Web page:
Bihar contributed significantly to the uprising against the colonial regime in India and Mahatma Gandhi started his freedom movement from Champaran district of Bihar in 1916, after his return from South Africa. The area witnessed a strong anti-imperialist struggle. Bihar was a centre of power, learning and culture in ancient India and more recently it saw the emergence of Jayaprakash Narayan’s Movement.

Jharkhand — or the land of forests — with nearly 40 % of India’s mineral resources was carved out of the southern part of Bihar on 15 November 2000. According to the 2011 census the percentage of tribal population of India stood at 8.6 and in Jharkhand of the state population it is 26.2%. This collection therefore concentrates on the tribal population, its identity and its struggles. When the colonial regime intensified the transition of the tribal agrarian system into feudal state, and when the indigenous people lost their holdings, there was an uprising led by Birsa Munda in the late 19 century.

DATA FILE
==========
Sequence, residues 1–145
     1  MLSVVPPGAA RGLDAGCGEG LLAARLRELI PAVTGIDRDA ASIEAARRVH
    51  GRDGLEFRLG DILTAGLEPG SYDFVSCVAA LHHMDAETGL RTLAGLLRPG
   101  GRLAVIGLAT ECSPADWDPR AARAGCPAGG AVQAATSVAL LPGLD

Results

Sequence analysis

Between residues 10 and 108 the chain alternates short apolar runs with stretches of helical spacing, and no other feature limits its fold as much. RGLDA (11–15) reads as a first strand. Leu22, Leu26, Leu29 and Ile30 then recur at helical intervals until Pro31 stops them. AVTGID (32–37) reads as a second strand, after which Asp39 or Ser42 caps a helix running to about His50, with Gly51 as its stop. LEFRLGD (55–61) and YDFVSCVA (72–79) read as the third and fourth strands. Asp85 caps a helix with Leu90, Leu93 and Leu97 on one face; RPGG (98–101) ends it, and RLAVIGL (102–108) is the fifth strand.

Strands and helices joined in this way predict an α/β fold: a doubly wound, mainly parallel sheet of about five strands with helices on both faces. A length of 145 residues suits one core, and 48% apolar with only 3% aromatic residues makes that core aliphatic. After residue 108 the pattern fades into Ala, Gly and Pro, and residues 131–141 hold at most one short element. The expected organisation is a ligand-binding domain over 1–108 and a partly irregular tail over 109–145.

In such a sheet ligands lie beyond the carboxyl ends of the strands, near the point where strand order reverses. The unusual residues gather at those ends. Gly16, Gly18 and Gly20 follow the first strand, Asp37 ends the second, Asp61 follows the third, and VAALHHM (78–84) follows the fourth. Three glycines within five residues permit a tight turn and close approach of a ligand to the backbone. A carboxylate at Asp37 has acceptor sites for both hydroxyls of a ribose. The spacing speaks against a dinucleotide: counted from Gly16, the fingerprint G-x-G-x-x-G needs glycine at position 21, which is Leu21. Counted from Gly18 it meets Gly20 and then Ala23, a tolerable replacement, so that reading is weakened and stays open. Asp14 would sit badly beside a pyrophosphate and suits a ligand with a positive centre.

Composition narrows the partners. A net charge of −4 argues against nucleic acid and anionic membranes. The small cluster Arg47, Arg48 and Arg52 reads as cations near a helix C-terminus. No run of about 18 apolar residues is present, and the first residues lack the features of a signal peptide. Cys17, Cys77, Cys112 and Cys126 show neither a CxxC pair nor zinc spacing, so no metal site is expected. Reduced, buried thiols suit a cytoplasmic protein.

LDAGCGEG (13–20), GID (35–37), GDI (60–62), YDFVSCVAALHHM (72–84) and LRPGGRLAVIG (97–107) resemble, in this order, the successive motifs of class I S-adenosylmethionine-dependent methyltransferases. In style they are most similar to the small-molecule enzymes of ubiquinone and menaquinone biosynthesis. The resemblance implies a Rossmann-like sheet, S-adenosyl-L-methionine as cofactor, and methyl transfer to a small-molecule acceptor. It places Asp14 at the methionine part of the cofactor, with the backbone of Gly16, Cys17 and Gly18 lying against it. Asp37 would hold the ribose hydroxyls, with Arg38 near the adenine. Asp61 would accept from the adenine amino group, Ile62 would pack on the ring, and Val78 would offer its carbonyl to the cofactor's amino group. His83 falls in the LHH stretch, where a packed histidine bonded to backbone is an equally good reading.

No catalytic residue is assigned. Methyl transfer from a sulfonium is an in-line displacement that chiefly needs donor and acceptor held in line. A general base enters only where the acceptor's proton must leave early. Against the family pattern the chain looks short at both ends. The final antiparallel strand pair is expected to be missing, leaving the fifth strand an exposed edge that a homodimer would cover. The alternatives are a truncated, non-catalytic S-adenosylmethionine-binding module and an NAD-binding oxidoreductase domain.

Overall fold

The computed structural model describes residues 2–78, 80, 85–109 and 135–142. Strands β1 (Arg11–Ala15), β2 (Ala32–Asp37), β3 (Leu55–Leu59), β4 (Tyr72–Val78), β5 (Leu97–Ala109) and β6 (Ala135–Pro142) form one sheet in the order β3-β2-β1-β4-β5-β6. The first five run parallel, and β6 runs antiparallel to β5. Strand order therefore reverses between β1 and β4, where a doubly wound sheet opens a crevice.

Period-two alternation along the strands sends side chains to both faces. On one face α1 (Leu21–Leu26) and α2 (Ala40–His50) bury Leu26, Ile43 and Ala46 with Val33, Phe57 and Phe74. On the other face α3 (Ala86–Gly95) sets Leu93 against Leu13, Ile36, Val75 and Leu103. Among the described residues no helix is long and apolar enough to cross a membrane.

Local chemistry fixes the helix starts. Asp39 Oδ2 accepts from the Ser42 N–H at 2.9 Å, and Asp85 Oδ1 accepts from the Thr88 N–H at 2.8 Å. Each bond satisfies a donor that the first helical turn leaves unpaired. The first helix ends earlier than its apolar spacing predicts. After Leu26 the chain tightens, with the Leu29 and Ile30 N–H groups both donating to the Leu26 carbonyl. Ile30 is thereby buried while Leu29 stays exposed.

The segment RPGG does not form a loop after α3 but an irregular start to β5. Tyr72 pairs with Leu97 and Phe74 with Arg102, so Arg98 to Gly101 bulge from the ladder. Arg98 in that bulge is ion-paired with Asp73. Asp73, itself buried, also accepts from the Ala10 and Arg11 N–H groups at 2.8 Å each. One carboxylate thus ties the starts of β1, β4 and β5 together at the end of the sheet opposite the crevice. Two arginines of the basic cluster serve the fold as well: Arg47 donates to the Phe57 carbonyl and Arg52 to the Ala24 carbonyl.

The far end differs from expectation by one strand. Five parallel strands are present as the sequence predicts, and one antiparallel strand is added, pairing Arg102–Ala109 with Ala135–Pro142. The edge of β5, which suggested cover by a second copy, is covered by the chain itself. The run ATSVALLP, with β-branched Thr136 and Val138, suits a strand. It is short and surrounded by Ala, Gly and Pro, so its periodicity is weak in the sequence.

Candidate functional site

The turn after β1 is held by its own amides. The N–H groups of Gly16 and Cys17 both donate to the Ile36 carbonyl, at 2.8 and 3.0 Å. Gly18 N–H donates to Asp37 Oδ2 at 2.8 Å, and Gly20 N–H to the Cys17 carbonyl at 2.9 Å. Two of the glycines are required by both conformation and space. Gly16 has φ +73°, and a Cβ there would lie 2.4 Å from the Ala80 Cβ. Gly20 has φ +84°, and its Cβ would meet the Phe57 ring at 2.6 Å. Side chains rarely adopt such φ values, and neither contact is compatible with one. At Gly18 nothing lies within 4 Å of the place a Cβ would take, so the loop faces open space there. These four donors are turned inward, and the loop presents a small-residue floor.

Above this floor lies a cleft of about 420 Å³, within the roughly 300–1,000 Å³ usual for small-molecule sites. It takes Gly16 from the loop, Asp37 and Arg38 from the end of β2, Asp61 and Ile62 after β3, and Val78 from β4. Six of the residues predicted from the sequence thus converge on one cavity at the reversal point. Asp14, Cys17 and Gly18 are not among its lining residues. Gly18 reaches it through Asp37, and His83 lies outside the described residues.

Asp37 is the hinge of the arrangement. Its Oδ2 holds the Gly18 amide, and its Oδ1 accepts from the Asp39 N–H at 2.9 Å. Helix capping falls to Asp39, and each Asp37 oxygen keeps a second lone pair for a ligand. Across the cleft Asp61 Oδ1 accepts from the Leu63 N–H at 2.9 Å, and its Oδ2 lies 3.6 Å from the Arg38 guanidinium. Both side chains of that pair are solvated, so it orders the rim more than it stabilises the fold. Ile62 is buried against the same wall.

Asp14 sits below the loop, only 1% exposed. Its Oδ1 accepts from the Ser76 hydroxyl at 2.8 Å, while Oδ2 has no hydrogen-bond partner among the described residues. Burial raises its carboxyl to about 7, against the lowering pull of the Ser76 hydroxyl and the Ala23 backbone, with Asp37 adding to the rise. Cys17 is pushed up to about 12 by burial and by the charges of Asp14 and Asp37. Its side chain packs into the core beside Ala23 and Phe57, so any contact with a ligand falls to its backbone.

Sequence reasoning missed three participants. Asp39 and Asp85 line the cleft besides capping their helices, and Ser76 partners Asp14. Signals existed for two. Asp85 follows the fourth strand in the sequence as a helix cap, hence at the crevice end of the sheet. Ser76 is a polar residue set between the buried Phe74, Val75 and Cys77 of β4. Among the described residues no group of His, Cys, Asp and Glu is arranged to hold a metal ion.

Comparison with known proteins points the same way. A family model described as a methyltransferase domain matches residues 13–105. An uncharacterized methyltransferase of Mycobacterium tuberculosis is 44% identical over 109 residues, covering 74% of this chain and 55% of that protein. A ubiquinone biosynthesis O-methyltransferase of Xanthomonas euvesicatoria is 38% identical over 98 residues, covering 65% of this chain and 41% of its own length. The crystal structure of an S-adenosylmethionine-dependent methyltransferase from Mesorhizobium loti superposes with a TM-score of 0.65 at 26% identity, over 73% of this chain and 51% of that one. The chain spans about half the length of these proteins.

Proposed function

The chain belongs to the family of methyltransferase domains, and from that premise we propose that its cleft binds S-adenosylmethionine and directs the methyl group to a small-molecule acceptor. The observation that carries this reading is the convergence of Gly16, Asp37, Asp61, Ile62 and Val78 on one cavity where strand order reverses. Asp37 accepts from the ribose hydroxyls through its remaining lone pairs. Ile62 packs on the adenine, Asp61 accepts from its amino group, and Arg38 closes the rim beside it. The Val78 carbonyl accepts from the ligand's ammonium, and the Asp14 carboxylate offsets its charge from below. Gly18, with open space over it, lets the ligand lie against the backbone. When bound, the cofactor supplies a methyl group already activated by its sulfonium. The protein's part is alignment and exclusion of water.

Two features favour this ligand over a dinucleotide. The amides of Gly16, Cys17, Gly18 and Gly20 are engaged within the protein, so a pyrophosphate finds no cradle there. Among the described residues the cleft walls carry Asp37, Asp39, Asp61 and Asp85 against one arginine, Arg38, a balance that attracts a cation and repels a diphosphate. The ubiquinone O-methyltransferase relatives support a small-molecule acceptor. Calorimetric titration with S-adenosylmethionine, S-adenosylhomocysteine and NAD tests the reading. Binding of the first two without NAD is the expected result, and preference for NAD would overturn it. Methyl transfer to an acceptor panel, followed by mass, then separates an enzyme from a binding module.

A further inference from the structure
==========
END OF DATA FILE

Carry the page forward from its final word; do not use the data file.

Pati’s paper ‘Beyond Geographical Boundaries’ deals with the wisdom related to the meaning of territories and geographical spaces. During the process of colonisation, resistance was witnessed in the Chotanagpur area as it meant serious problems for the people. Under the theme ‘Colonial Christianity and the Munda rebellions the author deals with possible reasons for conversion of tribals to Christianity as this remained a largely un-researched area. Unseen powers like witchcraft gave the Oraaons community reason to convert as it thought Christianity protected it from certain dangers. Many conversions took place to Hinduism (though there are no systematic methods of becoming a Hindu, the tribals became Hindus for similar reasons as they embraced Christianity) both such converted tribals maintained their traditional practices intact. The community felt that even other grievances like dealing with zamindars, could be solved by conversion, as propagated by the German missionaries.